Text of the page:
Ron Charles Reviews Rebecca Makkai’s Latest
‘I Have Some Questions for You’ is more than a murder mystery
Rebecca Makkai’s new novel deconstructs the well-worn tropes of the genre
Our love for murdered women doesn’t do them much good.
Stories of their deaths lure us to popular podcasts, TV investigations and magazine exposés. Their bodies — or parts of them — electrify best-selling thrillers and blockbuster movies. As a culture, we seem equally alarmed and aroused by these tales of slaughter.
In her devastating study of domestic violence, “No Visible Bruises,” Rachel Louise Snyder notes that 50,000 women around the world were murdered by their partners or family members in 2017. That’s about six lives snuffed out by a “loved one” every hour of every day.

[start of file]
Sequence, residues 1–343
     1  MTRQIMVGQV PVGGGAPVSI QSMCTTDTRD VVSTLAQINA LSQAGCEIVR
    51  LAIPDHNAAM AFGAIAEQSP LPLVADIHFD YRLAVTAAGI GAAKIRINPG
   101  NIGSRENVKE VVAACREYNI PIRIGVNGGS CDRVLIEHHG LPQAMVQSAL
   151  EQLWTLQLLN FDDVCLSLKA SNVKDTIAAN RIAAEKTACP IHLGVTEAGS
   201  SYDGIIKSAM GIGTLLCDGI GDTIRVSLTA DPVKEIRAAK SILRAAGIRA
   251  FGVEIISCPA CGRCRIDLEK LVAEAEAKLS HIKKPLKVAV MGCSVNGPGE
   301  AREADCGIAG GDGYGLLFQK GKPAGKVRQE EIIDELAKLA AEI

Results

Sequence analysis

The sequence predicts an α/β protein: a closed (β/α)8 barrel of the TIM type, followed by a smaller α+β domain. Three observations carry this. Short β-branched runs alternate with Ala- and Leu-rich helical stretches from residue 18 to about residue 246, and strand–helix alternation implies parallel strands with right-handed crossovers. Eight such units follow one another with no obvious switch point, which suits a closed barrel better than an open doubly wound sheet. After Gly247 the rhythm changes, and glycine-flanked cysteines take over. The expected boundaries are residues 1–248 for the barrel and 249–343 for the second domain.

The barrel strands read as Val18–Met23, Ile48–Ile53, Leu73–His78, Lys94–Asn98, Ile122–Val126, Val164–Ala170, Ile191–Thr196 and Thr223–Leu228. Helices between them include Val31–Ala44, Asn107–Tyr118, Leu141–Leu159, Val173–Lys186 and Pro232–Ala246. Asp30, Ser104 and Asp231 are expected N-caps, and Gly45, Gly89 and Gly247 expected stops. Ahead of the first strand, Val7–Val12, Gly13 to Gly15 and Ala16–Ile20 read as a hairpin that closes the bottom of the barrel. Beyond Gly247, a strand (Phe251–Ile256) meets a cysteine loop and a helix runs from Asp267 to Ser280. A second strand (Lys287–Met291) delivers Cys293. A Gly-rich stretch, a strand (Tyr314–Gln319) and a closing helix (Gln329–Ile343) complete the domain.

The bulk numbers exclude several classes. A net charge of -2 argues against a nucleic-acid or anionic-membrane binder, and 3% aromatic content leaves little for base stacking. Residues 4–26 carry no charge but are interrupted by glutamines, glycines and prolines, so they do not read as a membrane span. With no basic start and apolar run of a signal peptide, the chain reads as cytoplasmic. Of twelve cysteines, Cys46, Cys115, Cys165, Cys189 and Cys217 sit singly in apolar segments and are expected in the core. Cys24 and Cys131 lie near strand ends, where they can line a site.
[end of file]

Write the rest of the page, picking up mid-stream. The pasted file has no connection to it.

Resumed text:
One minor but grotesque marker of this epidemic is the way we struggle to keep the most shocking cases straight amid so many. Rebecca Makkai highlights that predicament throughout her troubling new novel, “I Have Some Questions for You.” It begins with people trying to remember which murdered woman they’re talking about:
“Wasn’t it the one where she was stabbed in — no. The one where she got in a cab with — different girl. The one where she went to the frat party, the one where he used a stick, the one where he used a hammer, the one where she picked him up from rehab and he — no. The one where he’d been watching her jog every day? The one where she made the mistake of telling him her period was late? The one with the uncle? Wait, the other one with the uncle?” Read the full review at the Washington Post.
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